DEScover Registry - DEScover Registry - Presented at TCT 2006
The goal of the registry was to evaluate patients undergoing percutaneous coronary intervention (PCI) with stenting in the United States.
Patients Enrolled: 6,906
Mean Follow Up: 1 year
Mean Patient Age: Mean age 64 years
PCI with stenting at one of the 140 participating sites
Patient refusal to be included in the registry
Patients at 140 US medical centers undergoing PCI with stenting were followed for up to 1 year for clinical outcomes. Stent distribution type included bare-metal (BMS; n = 397), sirolimus-eluting (SES; n = 3,873), and paclitaxel-eluting (PES; n = 2,636). Any patients receiving more than one type of stent (11% of the registry) were excluded from the analysis.
Only 5.7% of patients in the registry were treated with BMS; the remaining 94.3% were treated with drug-eluting stents (DES). Patients treated with BMS were older, had more co-morbidities, and had more severe coronary disease presentation, including higher rates of triple-vessel disease and ST elevation myocardial infarction (MI) as the indication for PCI. Ejection fraction was significantly lower in patients treated with BMS (mean 49.5% vs. 52.7% with SES and 52.8% with PES). Total occlusion was more frequent at baseline in patients treated with BMS (19.1% vs. 11.2% with SES and 9.9% with PES). Despite more frequently having triple-vessel disease, multilesion intervention was less frequent in the BMS group (25.5% vs. 34.7% for SES and 32.3% for PES). Bypass grafts were more often treated with BMS (15.9% vs. 6.5% with both SES and PES).
At 1 year, mortality was 5.9% in the BMS group and 3.1% in the DES groups (p = 0.005). There was no difference in MI (3.5% for BMS vs. 2.4% for DES, p = 0.19) or repeat PCI (9.3% vs. 8.4%, p = 0.62). Bypass surgery was performed more frequently in the BMS group (3.5% vs. 1.4%, p = 0.0007). Stent thrombosis by 1 year occurred in 0.8% of the BMS group and 0.6% of the DES group (p = 0.67). In an adjusted analysis, there was no difference in death or MI by 1 year (hazard ratio 0.74, 95% confidence interval 0.52-1.07).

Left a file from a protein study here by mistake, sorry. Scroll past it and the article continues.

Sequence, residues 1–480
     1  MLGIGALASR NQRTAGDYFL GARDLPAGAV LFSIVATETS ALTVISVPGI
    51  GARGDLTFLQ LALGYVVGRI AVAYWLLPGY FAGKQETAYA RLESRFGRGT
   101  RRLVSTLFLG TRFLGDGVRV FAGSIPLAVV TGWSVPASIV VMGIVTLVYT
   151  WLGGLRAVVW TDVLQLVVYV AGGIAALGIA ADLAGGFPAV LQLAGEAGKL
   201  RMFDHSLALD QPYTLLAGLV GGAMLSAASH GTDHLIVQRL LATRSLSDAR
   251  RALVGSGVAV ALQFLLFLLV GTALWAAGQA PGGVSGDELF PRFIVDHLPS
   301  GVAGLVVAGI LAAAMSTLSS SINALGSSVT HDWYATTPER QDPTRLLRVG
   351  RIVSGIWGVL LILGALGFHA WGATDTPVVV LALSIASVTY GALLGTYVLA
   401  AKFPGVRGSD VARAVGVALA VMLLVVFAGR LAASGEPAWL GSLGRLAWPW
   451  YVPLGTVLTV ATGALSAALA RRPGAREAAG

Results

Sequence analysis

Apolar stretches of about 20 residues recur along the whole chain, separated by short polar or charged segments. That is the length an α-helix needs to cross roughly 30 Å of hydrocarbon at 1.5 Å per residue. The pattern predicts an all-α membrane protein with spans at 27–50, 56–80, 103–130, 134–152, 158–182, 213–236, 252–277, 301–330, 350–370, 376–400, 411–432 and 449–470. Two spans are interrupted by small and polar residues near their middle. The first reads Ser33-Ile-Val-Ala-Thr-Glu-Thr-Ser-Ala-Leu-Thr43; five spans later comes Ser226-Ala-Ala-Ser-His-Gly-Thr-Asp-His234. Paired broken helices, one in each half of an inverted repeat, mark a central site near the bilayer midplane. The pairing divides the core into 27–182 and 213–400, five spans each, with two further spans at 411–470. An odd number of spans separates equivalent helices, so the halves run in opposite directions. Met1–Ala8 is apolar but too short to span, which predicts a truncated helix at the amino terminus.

Clinical outcomes at 1 year were similar between SES and PES, with the exception of stent thrombosis, which occurred in 0.5% of the SES group and 0.8% of the PES group (p = 0.06).
Among patients undergoing PCI in this US registry, the large majority were treated with DES, and those treated with BMS represent a very different cohort, with more severe coronary disease.
Efficacy conclusions regarding clinical outcomes between BMS and DES are not possible given the nonrandomized nature of the data, the fact that so few patients were treated with BMS (only ~5%), and the extreme differences between BMS and DES patients. What can be drawn from these data are the differences in patient selection for the different stent types. BMS patients were significantly older with much more severe disease and more ST elevation MI at presentation. As such, one would expect a higher mortality rate in patients with more triple-vessel disease and more ST elevation MI compared with more single-vessel disease and more stable angina.
Despite statistical adjustment with multivariable modeling, the substantial differences at baseline and the small number treated with BMS in this nonrandomized study do not allow for valid efficacy comparisons. The number of deaths in the BMS arm may not be sufficient to adjust for all potential confounders. Additionally, the propensity to use one type of stent versus another was not included in the multivariable modeling.
Williams DO, Abbott JD, Kip KE. Outcomes of 6906 Patients Undergoing Percutaneous Coronary Intervention in the Era of Drug-Eluting Stents. Report of the DEScover Registry. Circulation 2006;114:epub before print.
Presented by Dr. David O. Williams at the Transcatheter Cardiovascular Therapeutics meeting (TCT 2006), Washington, DC, October 2006.
Keywords: Paclitaxel, Coronary Artery Disease, Myocardial Infarction, Angina, Stable, Patient Selection, Metals, Thrombosis, Drug-Eluting Stents, Confidence Intervals, Sirolimus, Stents, Percutaneous Coronary Intervention
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